Brilliant, sad and very well written.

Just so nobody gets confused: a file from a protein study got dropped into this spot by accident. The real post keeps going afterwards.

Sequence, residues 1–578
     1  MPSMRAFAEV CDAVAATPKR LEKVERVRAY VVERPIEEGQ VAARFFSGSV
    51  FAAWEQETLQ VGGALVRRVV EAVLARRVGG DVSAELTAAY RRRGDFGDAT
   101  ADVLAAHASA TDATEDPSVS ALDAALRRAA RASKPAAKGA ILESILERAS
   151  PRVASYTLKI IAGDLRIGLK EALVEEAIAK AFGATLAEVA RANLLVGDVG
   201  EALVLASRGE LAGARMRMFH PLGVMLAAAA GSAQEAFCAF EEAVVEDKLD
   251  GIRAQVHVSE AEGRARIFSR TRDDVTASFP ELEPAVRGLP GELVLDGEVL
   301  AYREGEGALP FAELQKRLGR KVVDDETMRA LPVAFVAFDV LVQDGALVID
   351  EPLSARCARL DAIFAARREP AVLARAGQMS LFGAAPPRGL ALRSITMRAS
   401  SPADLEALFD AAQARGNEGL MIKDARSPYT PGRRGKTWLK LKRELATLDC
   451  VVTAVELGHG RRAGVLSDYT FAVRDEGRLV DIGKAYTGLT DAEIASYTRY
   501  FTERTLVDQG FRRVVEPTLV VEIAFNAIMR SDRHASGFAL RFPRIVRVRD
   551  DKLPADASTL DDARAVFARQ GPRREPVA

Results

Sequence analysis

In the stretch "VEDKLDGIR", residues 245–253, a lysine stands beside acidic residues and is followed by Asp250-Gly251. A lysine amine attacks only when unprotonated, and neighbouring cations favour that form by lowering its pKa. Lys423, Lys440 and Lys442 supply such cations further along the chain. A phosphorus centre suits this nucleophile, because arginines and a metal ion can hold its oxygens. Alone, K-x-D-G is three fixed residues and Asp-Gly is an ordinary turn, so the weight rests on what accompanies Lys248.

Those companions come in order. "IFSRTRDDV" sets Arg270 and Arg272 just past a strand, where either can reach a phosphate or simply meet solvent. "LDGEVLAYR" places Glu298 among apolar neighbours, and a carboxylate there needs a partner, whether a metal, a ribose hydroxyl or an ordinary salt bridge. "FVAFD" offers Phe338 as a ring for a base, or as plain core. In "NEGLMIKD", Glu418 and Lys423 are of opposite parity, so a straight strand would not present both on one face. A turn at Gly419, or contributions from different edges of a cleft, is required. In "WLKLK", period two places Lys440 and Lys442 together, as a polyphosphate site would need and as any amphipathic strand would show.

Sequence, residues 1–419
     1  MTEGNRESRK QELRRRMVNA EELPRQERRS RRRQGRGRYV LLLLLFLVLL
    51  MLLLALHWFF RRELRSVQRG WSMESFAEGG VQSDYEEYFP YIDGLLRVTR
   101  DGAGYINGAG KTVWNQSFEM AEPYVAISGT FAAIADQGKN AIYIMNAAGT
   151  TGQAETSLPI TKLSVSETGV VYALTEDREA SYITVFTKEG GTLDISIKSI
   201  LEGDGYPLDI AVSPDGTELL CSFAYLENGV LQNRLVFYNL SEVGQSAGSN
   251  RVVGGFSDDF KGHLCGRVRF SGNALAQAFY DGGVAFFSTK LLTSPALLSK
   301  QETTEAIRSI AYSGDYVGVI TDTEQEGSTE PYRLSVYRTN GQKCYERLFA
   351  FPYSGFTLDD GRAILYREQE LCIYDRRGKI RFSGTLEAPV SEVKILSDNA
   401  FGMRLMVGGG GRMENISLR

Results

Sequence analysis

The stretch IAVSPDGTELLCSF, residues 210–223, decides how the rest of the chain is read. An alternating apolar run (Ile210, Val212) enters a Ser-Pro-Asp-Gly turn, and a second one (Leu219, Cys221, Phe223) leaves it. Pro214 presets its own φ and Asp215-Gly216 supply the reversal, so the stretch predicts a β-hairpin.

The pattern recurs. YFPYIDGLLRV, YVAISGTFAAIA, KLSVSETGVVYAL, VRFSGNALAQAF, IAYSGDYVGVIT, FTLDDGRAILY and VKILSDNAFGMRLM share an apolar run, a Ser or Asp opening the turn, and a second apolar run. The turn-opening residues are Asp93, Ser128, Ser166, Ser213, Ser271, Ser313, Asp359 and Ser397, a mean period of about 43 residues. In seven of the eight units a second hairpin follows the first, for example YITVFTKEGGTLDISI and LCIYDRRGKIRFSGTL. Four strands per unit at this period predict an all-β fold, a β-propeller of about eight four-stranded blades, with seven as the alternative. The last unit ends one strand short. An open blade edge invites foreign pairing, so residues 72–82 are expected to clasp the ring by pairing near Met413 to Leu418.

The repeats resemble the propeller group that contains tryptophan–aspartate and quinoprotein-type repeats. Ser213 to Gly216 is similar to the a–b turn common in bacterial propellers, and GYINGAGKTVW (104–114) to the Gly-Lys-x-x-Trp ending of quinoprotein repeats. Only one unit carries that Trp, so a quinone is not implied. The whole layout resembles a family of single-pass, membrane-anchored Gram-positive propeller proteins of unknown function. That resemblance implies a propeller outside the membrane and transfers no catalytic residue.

"Come Back, Little Sheba" is a picture that will sneak up on you as you watch it. At first, it seems a bit mundane---perhaps even a bit dull. And, you'll most likely become annoyed with the wife. However, as the film slowly unfolds you suddenly see that it is brilliant--brilliantly written as well as acted. Shirley Booth received an Oscar for her performance of a dowdy and not particularly interesting or effective housewife. In essence, she is a sloppy and particularly unattractive woman. The handsome Burt Lancaster (wearing makeup and playing a much older man than he really was) is married to this woman--and down deep this loveless marriage to a sad and rather annoying woman is eating him alive. He maintains a placid demeanor--stuffing his anger and resentment down deep as he consumes antacids and complains of stomachaches. He also is a recovering alcoholic who is on edge--and appears setting himself up to drink again. It's a living hell for him, as he is silently bitter about being forced to marry Booth decades before when she became pregnant. The fact that she subsequently lost the baby and is unable to have more doesn't make things any better. Booth's way to cope with this sad marriage is through her dog, Sheba, but since the dog has disappeared, the loneliness of their marriage has become more apparent. It also becomes more apparent when they take in a young boarder (Terry Moore), as she's young, vivacious and has an active and happy love life. All these factors (and more) work together to create a very sad and realistic portrait. It's obvious that the writers knew a lot about psychology and alcoholism--and this is why I love this film. Not only are the characters wonderfully real, but they are realized correctly--and they definitely get the little details right. For example, it's one of the best films when it comes to alcoholism. Why this man drinks is fascinating--it's not just because he likes the booze, but it's to temporarily escape this awful life--something rarely talked about in films. It's also very interesting how all his hidden rage is released when he drinks--a year of pent-up anger comes exploding from him. Also, the way his sobriety and AA are shown is exceptional--it's a lot more realistic than the more famous (and overrated) "Lost Weekend" (which has a ridiculously upbeat ending). They show an open meeting, talk about the 12 Steps, the Serenity Prayer and the job of AA sponsors. What's more fascinating for me are the psychological elements--and the writers clearly were putting in a lot of analytic psychology and symbolism. The juxtaposition of Moore's happy life to theirs is symbolic of the emptiness of the couple. It's also creepy and symbolic how this sick couple refer to each other as 'Baby' and 'Daddy'--especially since they cannot have kids. But what really made me excited was listening to Booth's dream at the end of the film--it was chocked full of Freudian symbolism and showed they knew a lot about the psyche. Booth's dream was symbolic of so much--you could listen to it and interpret the meanings at great, great length. Aside from the exceptional writing, there are some other things to note. Moore is very sexual throughout the film--she is not some stereotypically nice college student but seethes with sexual desires--something very rare in 1950s films and not really seen much until the late 1960s. This helps the story a lot since Booth and Lancaster completely lack this element in their marriage. Also, I loved the acting of Booth and Lancaster. She is able to express so much with her face and body language--you really have to see it. Also, while Lancaster's performance is much more subdued, I loved how he walked through the house when he was intoxicated--slightly touching things to steady himself as he slowly makes his way though the house. It was a little thing--but the director did a fine job as did the actors as lots of little things were used to give the film a rich texture. So is the film worth seeing? Of course--it is magnificent. But be forewarned that it isn't exactly fun viewing. Often you'll find yourself cringing and by the end there is a pervasive sense of sadness and emptiness that many will find disturbing. Plus I could imagine that the film could kick up a lot of baggage in some viewers.